HD22 - Report of the Virginia Commissioners to the National Conference of Commissioners on Uniform State Laws

Executive Summary:
The National Conference convenes as a body once a year. The annual meeting lasts eight to twelve days and is usually held in late July or early August. Throughout the year, drafting committees composed of Commissioners work over several weekends on drafts of legislation to be considered at the annual meeting. The work of the drafting committees is read, line by line, and thoroughly debated at the annual meeting. Each act must be considered over a number of years; most are read and debated by the Conference two or more times. Those acts deemed by the Conference to be ready for consideration in the state legislatures are put to a vote of the states. Each state caucuses and votes as a unit.

The governing body of the Conference, the Executive Committee, is composed of the officers elected by vote of the Commissioners, and five members who are appointed annually by the President of the Conference. Certain activities are conducted by standing committees. For example, the Committee on Scope and Program considers all new subject areas for possible Uniform Acts. The Legislative Committee superintends the relationships of the Conference to the state legislatures.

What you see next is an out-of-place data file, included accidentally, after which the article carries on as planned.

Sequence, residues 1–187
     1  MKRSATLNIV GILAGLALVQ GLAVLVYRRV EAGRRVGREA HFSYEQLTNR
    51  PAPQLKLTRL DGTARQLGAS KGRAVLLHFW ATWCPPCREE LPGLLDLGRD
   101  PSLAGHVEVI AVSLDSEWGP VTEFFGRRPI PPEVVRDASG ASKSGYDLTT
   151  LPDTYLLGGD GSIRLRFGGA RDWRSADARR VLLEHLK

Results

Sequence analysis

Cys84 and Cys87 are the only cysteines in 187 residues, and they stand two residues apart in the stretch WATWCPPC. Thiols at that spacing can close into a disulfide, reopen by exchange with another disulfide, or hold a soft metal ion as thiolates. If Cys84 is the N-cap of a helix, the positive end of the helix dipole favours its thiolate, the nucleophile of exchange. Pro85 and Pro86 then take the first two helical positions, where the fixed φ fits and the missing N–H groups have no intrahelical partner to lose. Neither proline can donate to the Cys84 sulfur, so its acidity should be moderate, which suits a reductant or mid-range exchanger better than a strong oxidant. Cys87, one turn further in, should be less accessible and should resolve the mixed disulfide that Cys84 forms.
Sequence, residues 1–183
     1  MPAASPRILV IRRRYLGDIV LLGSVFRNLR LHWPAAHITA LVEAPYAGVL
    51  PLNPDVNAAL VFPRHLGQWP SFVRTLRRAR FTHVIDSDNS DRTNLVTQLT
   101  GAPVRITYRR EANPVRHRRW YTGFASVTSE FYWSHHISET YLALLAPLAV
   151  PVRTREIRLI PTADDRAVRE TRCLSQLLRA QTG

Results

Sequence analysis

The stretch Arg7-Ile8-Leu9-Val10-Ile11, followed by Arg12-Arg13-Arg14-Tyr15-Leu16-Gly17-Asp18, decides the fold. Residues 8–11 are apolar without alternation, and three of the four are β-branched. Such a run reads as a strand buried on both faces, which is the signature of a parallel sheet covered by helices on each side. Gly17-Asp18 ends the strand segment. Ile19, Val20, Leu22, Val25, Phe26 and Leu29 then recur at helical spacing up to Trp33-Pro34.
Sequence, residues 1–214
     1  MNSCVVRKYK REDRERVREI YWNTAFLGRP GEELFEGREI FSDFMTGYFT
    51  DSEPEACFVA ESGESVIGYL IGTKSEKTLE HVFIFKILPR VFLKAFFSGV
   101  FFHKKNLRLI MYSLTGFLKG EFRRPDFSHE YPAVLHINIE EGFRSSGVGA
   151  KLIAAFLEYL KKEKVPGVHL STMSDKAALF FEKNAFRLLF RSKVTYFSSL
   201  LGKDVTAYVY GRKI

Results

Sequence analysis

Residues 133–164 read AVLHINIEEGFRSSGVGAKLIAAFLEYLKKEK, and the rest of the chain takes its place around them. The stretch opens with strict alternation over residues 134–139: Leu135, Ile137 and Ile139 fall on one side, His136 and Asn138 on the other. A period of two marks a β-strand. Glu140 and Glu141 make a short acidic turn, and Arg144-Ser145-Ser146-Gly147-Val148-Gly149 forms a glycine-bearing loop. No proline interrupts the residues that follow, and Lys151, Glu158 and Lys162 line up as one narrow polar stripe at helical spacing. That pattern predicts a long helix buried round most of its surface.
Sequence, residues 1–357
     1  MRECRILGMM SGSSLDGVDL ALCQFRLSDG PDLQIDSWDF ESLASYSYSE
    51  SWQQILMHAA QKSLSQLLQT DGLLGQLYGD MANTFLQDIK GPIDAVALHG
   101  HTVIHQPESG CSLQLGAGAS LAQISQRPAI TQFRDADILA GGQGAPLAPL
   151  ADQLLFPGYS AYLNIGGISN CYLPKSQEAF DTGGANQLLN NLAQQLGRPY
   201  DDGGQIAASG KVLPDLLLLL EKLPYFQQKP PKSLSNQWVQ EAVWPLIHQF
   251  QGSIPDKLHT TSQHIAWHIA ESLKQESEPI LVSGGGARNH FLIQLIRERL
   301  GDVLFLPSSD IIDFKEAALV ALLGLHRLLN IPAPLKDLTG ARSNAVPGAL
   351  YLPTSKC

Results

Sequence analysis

The work of the Conference strengthens the state and federal system of government. In many areas of the law, the states must solve the problem through cooperative action, or the issues are likely to be preempted by Congress. The Conference is one of the few institutions that pursue solutions to problems on a cooperative basis by the states. Without the Conference, more legislative activities would undoubtedly shift from the state capitals to Washington.